Advanced Yoga, Books about yoga

Letting go of assumptions, making triangles (Pigeon as a triangle)


Instagram, TV, and advertising sometimes show images of advanced yoga practitioners in difficult poses. Lithe, bendy people, smiling in the sun, backs arched gracefully, wearing white unitards. The common representation of yoga is that anyone who practices or is successful at practice has a ballerina build. It is unfortunate, because it gives the general population the impression that you have to be in peak physical shape with 6% body fat to do yoga. This is SO not the case.

Example: This morning’s class was mixed level, leaning to advanced. We worked up to camel and then up to this:

(Beautiful photo of Pigeon pose from page 119 of Hatha Yoga Illustrated, by Martin Kirk, Brooke Boon, and Daniel DiTuro. Photos by Daniel DiTuro).

But here’s the thing.

There might have been twenty students in that class. We all had our own variation of Pigeon going on. And THAT is yoga.

You start where you are at the time you are practicing. You breathe and make shapes with your body. I have never before thought of Pigeon as a triangle before looking it up in this book, but now that I am more interested in the building of a pose more than before, I see it. We were all working towards this beautiful triangle. Not to be confused with actual Triangle pose! That is a post for another day.

Anyhow. A fellow student asked, “is this a pose that you would be unable to do if you have a large body?” (I am paraphrasing. What she said also covered people who might generally be considered overweight).

Our teacher affirmed that there are different bodies but we all have ways to get there, and it is more individual body mechanics than anything to do with the size of body.

In all honesty, had I been shown the picture above, I don’t think I would have thought I could come close to Pigeon as pictured. However, with the right guidance, being led into it, I’m proud of how far I made it. (NOT pictured – hahaha).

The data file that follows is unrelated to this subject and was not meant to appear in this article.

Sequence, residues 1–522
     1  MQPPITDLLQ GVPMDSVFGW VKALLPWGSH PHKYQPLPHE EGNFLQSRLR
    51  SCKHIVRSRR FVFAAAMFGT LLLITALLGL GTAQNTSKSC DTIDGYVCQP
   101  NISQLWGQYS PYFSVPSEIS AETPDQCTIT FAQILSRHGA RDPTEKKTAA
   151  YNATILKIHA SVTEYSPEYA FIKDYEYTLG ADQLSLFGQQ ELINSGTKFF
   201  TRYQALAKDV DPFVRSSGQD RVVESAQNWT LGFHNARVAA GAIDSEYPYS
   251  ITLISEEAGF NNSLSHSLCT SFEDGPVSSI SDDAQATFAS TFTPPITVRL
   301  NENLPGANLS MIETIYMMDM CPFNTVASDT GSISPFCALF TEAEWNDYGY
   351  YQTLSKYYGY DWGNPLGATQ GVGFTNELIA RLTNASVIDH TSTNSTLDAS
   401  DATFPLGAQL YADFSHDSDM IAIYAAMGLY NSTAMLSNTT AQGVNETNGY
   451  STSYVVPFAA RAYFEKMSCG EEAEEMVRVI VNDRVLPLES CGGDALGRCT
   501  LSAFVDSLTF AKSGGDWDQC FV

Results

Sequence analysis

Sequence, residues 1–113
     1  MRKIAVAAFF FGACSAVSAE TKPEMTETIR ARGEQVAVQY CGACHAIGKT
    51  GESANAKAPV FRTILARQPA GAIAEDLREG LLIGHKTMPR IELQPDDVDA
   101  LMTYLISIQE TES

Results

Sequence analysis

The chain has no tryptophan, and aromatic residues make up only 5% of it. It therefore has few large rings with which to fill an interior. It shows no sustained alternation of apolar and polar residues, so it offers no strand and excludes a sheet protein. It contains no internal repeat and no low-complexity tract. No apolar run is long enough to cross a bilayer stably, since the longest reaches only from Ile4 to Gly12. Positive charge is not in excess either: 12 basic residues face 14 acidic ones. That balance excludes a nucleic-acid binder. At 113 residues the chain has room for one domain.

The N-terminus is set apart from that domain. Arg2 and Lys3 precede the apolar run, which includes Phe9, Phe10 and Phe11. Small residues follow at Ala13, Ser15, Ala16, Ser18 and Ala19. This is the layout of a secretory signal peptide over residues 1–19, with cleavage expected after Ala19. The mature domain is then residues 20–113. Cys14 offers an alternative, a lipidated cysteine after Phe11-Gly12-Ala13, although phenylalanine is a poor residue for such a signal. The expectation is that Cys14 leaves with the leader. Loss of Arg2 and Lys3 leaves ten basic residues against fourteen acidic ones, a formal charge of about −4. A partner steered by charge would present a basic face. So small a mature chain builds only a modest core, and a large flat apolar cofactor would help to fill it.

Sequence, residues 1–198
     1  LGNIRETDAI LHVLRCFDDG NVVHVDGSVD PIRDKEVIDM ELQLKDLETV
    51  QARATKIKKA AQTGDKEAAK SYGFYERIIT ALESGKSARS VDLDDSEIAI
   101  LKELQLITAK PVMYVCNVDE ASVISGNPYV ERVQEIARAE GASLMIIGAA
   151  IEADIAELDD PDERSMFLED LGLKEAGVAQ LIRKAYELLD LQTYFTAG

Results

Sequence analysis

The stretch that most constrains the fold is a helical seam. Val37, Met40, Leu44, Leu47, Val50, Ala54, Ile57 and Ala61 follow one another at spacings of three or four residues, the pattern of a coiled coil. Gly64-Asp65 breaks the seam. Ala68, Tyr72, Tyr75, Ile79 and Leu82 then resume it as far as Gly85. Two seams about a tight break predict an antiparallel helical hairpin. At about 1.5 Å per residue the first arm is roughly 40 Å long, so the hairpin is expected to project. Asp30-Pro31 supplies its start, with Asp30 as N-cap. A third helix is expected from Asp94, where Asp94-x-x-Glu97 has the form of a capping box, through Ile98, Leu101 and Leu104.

So here I am, working to let go of assumptions and expectations. Thinking about triangles. And cooking dinner all at the same time. Gotta get everything ready so I can attend tonight’s YTT class!

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My YTT

About sitting and teacher training, after the first weekend intensive

You are prepared to learn a lot during yoga training. You bring your mat and you are ready to go! But now you bring an additional bag. Your books. Your paper (which I forgot. Twice. Thanks, B, for sharing). A screaming yellow highlighter. Pens, etc., and so on.

You know there will be a lot of sitting. But in the beginning, even though you set up for practice with your mats on the floor, the sitting is not about Sukhasana, or “easy sitting pose,” aka, sitting up straight, criss-cross applesauce. It is taking notes. Sitting lecture/seminar style with a yoga practitioner/expert instructor at the helm, along with a life-sized, plastic anatomically correct skeleton with rubber ligaments. Intermittent discussion, legal talk, teaching methodology, lecture, snack time, and Asana /exercise practice, and breathing. 

Now I understand that when I asked my mentor what I need to bring or prepare, she didn’t mention planks or fasting. Her response was along the lines of, “a highlighter and some index cards.” She meant that literally.